Echidnas are classified into three genera. The genus Zaglossus includes three extant species and two species known only from fossils, while only one, extant species from the genus Tachyglossus is known. The third genus, Megalibgwilia, is known only from fossils.


The three living Zaglossus species are endemic to New Guinea. They are rare and are hunted for food. They forage in leaf litter on the forest floor, eating earthworms and insects. The species are:

The two fossil species are:


The Short-beaked Echidna (Tachyglossus aculeatus) is found in southeast New Guinea and also occurs in almost all Australian environments, from the snow-clad Australian Alps to the deep deserts of the Outback, essentially anywhere that ants and termites are available. It is smaller than the Zaglossus species, and it has longer hair.


The genus Megalibgwilia is known only from fossils:

  • Megalibgwilia ramsayi from Late Pleistocene sites in Australia
  • Megalibgwilia robusta from Miocene sites in Australia


  1. ^ Groves, C. (2005). Wilson, D. E., & Reeder, D. M. ed. Mammal Species of the World (3rd ed.). Johns Hopkins University Press. pp. 1–2. ISBN 0-801-88221-4. 
  2. ^ Retrieved on 21 October 2007
  3. ^ "The Enigma of the Echidna" by Doug Stewart, National Wildlife, April/May 2003.
  4. ^ a b Zaglossus bruijni
  5. ^ Short-beaked echidna
  6. ^ Shultz, N. (26 October 2007). "Exhibitionist spiny anteater reveals bizarre penis". New Scientist website. Retrieved 27 October 2006. 
  7. ^ SC Nicol, NA Andersen, NH Phillips, RJ Berger (11 February 2000), "The echidna manifests typical characteristics of rapid eye movement sleep", Neuroscience letters 
  8. ^ a b Phillips MJ, Bennett TH, Lee MS. (2009). Molecules, morphology, and ecology indicate a recent, amphibious ancestry for echidnas. PNAS. 106:17089–17094. doi:10.1073/pnas.0904649106
  • Flannery, T.F., and Groves, C.P. (1998) A revision of the genus Zaglossus (Monotremata, Tachyglossidae), with description of new species and subspecies. Mammalia 62, 367–396.
  • Parker, J., "Echidna Love Trains", "Scribbly Gum" online magazine.

External links

1911 encyclopedia

Up to date as of January 14, 2010

From LoveToKnow 1911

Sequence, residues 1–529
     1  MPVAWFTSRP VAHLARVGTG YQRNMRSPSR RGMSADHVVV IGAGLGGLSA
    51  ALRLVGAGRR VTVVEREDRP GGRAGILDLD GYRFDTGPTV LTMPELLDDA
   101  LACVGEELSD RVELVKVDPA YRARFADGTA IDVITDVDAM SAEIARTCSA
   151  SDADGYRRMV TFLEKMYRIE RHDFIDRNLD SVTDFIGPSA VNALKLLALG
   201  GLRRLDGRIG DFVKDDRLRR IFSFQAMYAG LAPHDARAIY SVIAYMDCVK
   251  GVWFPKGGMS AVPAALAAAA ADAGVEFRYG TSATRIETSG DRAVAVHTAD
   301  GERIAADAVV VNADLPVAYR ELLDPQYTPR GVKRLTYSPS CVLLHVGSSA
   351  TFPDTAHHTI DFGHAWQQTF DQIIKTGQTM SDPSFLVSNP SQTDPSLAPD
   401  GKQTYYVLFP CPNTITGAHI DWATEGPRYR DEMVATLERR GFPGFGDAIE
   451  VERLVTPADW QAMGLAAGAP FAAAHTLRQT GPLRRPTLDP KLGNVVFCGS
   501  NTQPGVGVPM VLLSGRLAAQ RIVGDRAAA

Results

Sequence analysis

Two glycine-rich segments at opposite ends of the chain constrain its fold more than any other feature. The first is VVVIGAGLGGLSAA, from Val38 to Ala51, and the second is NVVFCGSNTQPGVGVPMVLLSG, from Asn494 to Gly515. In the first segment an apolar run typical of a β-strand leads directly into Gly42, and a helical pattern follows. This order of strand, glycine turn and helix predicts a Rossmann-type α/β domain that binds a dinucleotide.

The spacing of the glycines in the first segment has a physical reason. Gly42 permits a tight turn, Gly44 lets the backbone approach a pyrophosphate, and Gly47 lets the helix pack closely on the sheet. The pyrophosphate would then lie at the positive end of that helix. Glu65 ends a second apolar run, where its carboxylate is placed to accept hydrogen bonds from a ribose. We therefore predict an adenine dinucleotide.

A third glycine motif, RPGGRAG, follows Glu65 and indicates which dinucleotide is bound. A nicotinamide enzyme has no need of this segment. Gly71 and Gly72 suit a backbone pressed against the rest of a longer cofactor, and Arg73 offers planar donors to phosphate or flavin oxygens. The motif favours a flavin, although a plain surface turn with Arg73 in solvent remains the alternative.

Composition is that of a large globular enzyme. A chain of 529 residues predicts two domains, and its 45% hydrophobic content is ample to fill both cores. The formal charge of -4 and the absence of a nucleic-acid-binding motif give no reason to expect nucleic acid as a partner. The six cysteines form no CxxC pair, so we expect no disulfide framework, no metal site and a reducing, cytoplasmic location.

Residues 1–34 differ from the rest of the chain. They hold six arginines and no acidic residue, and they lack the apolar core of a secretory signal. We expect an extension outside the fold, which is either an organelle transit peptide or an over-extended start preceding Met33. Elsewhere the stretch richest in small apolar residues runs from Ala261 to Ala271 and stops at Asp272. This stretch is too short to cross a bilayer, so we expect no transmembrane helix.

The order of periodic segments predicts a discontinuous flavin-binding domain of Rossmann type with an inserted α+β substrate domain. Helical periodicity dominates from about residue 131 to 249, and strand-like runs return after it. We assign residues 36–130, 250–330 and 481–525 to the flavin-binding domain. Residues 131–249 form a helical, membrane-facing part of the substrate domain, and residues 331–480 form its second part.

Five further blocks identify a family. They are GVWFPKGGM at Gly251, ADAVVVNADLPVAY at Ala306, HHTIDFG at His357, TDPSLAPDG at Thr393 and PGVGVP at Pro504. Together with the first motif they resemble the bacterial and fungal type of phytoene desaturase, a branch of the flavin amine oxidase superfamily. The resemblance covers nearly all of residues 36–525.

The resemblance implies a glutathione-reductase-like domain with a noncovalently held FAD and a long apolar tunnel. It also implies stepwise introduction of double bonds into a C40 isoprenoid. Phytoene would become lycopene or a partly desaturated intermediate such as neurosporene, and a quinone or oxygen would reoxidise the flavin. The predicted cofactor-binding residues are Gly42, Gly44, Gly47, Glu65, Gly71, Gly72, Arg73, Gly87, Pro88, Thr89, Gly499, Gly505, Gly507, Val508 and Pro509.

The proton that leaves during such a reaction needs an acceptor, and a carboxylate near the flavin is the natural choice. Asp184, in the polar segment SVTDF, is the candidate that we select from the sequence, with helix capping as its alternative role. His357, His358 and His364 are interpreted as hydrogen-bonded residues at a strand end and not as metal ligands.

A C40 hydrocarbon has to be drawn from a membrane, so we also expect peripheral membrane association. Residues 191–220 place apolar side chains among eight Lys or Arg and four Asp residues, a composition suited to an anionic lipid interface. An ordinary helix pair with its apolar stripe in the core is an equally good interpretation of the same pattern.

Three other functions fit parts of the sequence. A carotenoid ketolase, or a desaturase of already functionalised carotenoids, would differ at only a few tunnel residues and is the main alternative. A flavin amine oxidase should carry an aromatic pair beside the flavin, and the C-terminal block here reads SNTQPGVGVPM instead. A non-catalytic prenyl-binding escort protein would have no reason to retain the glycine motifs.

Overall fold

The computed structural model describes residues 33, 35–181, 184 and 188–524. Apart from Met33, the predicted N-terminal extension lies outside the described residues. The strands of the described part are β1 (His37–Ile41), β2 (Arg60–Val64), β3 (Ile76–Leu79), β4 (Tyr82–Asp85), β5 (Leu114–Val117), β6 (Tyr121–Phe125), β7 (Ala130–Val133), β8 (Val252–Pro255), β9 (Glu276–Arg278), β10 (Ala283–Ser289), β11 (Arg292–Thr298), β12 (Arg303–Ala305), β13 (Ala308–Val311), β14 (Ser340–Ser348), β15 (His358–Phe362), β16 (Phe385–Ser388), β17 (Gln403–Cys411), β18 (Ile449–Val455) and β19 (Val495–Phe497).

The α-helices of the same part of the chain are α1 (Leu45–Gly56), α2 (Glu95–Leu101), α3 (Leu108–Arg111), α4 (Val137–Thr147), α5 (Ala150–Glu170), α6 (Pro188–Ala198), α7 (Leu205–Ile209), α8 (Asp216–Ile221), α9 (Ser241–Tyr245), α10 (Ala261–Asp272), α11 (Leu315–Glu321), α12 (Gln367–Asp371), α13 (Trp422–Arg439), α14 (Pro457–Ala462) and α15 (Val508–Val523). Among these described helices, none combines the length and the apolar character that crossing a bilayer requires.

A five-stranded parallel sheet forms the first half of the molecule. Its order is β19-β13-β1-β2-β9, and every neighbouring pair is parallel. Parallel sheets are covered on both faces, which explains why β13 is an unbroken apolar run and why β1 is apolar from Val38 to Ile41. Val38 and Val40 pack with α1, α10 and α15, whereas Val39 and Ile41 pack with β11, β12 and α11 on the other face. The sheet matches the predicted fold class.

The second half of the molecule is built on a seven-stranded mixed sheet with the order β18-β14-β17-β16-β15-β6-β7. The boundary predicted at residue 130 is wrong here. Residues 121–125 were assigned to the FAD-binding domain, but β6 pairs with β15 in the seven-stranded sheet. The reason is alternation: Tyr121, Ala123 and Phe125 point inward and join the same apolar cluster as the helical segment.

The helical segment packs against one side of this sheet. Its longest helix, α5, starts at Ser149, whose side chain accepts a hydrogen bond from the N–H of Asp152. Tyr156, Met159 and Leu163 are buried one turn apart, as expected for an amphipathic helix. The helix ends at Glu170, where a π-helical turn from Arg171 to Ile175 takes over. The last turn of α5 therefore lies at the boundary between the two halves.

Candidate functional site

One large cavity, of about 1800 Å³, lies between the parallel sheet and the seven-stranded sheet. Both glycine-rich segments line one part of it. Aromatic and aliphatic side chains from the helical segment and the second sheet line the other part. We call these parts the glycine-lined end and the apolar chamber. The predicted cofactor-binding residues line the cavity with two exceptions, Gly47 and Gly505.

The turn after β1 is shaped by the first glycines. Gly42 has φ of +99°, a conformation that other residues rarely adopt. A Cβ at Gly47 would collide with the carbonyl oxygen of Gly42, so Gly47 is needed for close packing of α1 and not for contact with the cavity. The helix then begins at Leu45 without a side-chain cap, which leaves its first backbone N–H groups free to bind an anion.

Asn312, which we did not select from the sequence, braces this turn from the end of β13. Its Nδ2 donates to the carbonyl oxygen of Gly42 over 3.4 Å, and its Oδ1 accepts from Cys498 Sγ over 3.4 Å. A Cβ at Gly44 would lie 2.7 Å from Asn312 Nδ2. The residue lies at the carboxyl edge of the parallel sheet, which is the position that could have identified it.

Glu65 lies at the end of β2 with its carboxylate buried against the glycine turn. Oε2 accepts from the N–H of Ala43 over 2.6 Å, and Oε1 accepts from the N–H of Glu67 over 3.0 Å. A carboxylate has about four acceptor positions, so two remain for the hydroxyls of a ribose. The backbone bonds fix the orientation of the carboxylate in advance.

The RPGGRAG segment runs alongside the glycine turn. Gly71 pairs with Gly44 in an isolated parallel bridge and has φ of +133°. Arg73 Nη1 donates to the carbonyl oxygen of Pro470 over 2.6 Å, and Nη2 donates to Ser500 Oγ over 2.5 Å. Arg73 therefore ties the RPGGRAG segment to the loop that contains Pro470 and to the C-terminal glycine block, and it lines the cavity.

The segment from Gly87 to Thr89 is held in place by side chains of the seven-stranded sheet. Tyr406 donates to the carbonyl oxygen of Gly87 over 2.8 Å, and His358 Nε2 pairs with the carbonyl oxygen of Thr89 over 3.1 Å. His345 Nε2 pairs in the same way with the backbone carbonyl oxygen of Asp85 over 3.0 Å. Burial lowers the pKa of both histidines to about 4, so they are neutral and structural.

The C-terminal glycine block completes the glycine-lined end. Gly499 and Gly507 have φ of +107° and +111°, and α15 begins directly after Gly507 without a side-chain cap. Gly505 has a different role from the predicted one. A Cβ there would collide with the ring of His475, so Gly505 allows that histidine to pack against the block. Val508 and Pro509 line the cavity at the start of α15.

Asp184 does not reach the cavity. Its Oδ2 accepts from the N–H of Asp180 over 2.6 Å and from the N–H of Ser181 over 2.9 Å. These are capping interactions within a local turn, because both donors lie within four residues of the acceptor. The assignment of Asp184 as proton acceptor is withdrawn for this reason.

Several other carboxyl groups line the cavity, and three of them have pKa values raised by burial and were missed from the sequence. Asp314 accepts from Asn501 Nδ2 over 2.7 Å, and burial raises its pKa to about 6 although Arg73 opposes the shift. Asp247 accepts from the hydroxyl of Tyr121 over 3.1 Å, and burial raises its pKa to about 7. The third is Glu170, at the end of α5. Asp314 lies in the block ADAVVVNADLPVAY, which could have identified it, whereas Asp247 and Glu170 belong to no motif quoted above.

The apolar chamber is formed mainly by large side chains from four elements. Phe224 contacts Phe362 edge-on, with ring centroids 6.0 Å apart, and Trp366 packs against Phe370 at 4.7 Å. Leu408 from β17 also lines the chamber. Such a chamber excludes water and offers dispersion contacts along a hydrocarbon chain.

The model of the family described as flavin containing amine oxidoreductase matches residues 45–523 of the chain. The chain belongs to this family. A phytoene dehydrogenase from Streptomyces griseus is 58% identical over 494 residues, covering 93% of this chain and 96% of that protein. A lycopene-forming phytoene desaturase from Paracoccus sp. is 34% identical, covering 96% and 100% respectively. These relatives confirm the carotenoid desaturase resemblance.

ECHIDNA, or Porcupine Ant-Eater (Echidna aculeata), one of the few species of Monotremata, the lowest subclass of Mammalia, forming the family Echidnidae. It is a native of Australia, where it chiefly abounds in New South Wales, inhabiting rocky and mountainous districts, where it burrows among the loose sand, or hides itself in crevices of rocks. In size and appearance it bears a considerable resemblance to the hedgehog, its upper surface being covered over with strong spines directed backwards, and on the back inwards, so as to cross each other on the middle line. The spines in the neighbourhood of the tail form a tuft sufficient to hide that almost rudimentary organ. The head is produced into a long tubular snout, covered with skin for the greater part of its length. The opening of the mouth is small, and from it the echidna puts forth its long slender tongue, lubricated with a viscous secretion, by means of which it seizes the ants and other insects on which it feeds. It has no teeth. Its legs are short and strong, and form, with its broad feet and large solid nails, powerful burrowing organs. In common with the other monotremes, the male echidna has its heel provided with a sharp hollow spur, connected with a secreting gland, and with muscles capable of pressing the secretion from the gland into the spur. It is a nocturnal or crepuscular animal, generally sleeping during the day, but showing considerable activity by night. When attacked it seeks to escape either by rolling itself into a ball, its erect spines proving a formidable barrier to its capture, or by burrowing into the sand, which its powerful limbs enable it to do with great celerity. "The only mode of carrying the creature," writes G. Bennett (Gatherings of a Naturalist in Australasia), " is by one of the hind legs; its powerful resistance and the sharpness of the spines will soon oblige the captor, attempting to seize it by any other part of the body, to relinquish his hold." In a younger stage of their development, however, the young are carried in a temporary abdominal pouch, to which they are transferred after hatching, and into which open the mammary glands. The echidnas are exceedingly restless in confinement, and constantly endeavour by burrowing to effect their escape. From the quantity of sand and mud always found in the alimentary canal of these animals, it is supposed that these ingredients must be necessary to the proper digestion of their insect food.